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Endangered Species Day

Endangered Species Day 2023: May 19th

Every year on the third Friday in May, thousands of people around the world participate in Endangered Species Day by celebrating, learning about, and taking action to protect threatened and endangered species. This global day of action and celebration was created and founded by David Robinson and the Endangered Species Coalition in 2006, and has continued ever since.

Along with the 18th annual Endangered Species Day, 2023 also marks the 50th Anniversary of the Endangered Species Act (ESA), a landmark piece of legislation that institutionalized our national commitment to the conservation of fish, plants and wildlife and the places they call home. On Endangered Species Day 2023, wildlife refuges, gardens, schools, libraries, museums, community groups, nonprofits, and individuals will hold special programs or events. People around the world participate in these activities and others.

Endangered Species are any type of organism that is threatened with extinction across all or a significant portion of its range. This status of endangerment is primarily due to habitat loss, poaching, pollution, climate change, invasive species, and overexploitation.

The International Union for Conservation of Nature‘s Red List, also known as IUCN Red List, is the world’s most comprehensive inventory of the global conservation status of plant and animal species.

Millions of species share the Earth with humans, and they need our help Definition The term “Endangered Species” was formally defined in the 1973 Endangered Species Act of the United States, which outlined legal protections for these species. According to the Act, an endangered species is one that is “in danger of extinction throughout all or a significant portion of its range.” In contrast, a “Threatened Species” is one likely to become endangered within the foreseeable future. Globally, the IUCN’s Red List categorizes species into nine groups based on criteria such as rate of decline, population size, area of geographic distribution, and degree of population and distribution fragmentation.

Causes of Endangerment Endangerment of species, which pushes them towards extinction, is often the result of a combination of multiple threats and stressors. Here, we elaborate further on the primary causes of endangerment.

Habitat Loss and Degradation This is widely recognized as the leading cause of species endangerment worldwide. Habitats can be lost or altered by a number of human activities including agriculture, urbanization, deforestation, mining, and infrastructure development.

When habitats are destroyed or fragmented, species lose the resources they need to survive such as food, shelter, and mates. This loss can also lead to decreased genetic diversity as populations become isolated and smaller, making them more susceptible to other threats. Overexploitation Overexploitation refers to the unsustainable use of species either for consumption or trade. Examples of overexploitation include overfishing, overhunting, overharvesting for medicinal use, and the pet trade.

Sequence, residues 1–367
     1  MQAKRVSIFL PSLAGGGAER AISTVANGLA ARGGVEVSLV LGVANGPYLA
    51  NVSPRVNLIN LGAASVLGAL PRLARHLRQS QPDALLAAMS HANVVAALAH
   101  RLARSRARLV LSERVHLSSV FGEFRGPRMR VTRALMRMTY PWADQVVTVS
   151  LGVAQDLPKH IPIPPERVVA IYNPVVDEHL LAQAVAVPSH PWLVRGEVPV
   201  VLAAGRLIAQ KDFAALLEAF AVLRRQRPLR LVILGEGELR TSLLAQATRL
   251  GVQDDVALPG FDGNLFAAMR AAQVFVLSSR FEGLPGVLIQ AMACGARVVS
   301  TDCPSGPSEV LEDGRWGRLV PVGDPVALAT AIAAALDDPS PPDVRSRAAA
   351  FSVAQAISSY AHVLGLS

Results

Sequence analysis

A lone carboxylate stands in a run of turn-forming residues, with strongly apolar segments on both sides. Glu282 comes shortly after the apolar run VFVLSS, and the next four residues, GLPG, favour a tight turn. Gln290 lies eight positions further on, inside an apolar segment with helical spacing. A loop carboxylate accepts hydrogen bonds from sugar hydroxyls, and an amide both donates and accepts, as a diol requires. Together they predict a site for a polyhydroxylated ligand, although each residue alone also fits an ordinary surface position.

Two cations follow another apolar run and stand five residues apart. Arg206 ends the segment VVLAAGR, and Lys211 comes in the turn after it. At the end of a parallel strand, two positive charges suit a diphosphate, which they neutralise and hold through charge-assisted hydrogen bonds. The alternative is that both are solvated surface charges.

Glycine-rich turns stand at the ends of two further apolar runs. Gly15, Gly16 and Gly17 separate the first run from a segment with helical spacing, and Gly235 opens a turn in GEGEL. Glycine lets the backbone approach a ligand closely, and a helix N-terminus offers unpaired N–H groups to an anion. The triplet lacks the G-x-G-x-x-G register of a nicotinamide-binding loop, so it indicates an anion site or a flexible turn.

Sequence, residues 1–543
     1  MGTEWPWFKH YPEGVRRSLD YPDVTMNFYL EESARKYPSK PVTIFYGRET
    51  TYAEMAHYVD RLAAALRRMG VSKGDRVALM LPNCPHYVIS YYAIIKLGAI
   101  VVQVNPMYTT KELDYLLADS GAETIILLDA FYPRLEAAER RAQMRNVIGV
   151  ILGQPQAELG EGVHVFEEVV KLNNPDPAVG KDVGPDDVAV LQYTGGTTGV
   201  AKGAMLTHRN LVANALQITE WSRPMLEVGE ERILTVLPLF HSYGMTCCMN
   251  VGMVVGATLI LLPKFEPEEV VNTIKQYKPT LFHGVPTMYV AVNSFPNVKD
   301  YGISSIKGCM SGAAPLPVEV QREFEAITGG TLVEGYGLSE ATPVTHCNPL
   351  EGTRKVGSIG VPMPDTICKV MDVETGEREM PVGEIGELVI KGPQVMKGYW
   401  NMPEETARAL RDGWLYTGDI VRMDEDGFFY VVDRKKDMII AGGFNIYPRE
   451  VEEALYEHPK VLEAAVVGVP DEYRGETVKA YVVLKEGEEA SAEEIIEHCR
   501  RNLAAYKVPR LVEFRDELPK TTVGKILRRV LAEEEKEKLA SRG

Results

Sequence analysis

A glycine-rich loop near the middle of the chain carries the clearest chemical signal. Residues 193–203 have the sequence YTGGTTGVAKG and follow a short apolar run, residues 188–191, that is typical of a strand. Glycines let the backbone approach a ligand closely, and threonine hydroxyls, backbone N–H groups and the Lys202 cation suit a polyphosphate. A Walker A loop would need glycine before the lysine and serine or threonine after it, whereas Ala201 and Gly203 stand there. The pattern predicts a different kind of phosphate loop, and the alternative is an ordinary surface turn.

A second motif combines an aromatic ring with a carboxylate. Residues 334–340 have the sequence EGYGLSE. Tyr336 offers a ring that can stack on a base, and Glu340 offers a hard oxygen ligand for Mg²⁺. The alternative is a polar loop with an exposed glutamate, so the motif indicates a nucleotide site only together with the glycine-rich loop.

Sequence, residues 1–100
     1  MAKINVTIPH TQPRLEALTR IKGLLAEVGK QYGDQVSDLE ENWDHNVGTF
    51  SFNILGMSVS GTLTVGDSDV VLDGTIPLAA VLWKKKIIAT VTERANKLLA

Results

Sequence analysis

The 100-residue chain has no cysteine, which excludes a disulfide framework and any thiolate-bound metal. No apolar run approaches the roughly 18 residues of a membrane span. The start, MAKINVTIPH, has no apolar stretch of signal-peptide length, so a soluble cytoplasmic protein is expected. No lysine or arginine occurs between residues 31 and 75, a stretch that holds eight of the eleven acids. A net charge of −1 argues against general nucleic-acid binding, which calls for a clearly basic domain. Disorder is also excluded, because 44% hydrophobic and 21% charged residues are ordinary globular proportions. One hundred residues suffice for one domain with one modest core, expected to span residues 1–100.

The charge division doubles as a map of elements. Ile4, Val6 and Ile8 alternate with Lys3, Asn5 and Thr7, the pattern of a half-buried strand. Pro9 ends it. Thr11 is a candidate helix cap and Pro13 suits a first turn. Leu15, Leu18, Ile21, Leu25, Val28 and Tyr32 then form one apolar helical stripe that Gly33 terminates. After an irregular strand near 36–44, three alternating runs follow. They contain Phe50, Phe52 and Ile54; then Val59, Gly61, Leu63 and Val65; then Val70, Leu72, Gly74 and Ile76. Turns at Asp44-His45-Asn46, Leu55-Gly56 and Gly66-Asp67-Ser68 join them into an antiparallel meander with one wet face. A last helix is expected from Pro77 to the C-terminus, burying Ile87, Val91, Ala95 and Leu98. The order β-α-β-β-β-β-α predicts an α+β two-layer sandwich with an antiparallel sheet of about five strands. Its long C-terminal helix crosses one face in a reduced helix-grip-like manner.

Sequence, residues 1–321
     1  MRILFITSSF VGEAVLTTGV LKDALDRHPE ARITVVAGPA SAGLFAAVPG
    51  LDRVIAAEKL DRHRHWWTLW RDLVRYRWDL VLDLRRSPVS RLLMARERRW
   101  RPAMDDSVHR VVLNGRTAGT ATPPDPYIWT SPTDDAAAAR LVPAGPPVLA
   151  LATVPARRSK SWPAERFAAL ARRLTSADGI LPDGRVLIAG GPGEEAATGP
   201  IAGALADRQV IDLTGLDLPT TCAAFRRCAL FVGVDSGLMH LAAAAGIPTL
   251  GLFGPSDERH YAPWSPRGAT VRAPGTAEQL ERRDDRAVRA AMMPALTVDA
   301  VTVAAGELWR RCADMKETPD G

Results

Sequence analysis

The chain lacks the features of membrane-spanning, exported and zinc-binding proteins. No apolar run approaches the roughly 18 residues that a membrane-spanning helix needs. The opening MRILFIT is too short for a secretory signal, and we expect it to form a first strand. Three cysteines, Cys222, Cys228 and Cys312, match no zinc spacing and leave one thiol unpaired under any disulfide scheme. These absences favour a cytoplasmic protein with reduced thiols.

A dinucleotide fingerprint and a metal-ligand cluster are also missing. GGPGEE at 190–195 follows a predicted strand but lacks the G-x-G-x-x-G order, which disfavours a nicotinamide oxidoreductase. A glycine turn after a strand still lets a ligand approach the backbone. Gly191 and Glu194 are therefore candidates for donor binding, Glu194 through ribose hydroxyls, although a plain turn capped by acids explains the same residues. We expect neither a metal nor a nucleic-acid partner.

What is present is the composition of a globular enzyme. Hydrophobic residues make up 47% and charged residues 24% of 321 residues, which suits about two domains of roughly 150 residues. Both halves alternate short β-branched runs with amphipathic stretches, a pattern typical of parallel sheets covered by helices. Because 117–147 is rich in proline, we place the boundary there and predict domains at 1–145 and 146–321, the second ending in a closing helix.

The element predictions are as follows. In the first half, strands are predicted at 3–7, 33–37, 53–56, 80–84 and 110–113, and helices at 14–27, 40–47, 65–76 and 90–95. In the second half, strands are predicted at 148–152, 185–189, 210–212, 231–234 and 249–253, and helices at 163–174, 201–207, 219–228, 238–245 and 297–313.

This excessive pressure can lead to drastic reductions in species populations and can push species to the brink of extinction. For example, the passenger pigeon, once abundant in North America, was hunted to extinction in the wild by the early 20th century.

Invasive Species When species are introduced to new environments, whether intentionally or unintentionally, they can outcompete native species for resources, change habitats, spread diseases, and even prey on native species. Invasive species can be particularly damaging on islands, where native species have often evolved in the absence of certain predators or competitors.

Pollution Various forms of pollution can have detrimental impacts on species and their habitats. This includes water pollution from industrial waste or agricultural runoff, air pollution from burning fossil fuels, soil pollution from heavy metals, and even light and noise pollution in urban areas. Pollution can harm species directly or can damage the habitats and food sources they rely on. For example, pesticide use has been linked to declines in bee populations worldwide, affecting not only the bees themselves but also the plants they pollinate.

Climate Change

Climate change, driven by human activities, is an increasingly significant threat to species worldwide. As temperatures rise, many species must move towards the poles or to higher elevations to stay within their preferred climate range. However, not all species are able to move quickly enough or may find suitable habitats unavailable.

In addition, climate change can lead to more extreme weather events, sea-level rise, ocean acidification, and changes in precipitation patterns, all of which can have impacts on species and their habitats. For instance, warming ocean temperatures are causing coral bleaching events, threatening the survival of coral reefs and the myriad species that rely on them.


While disease is a natural part of ecosystems, changes in the environment can trigger more frequent or severe disease outbreaks. Human activities can also introduce new diseases into an environment or make species more susceptible to existing diseases. For example, the chytrid fungus, likely spread by international trade and climate change, has caused drastic declines in amphibian populations around the world.


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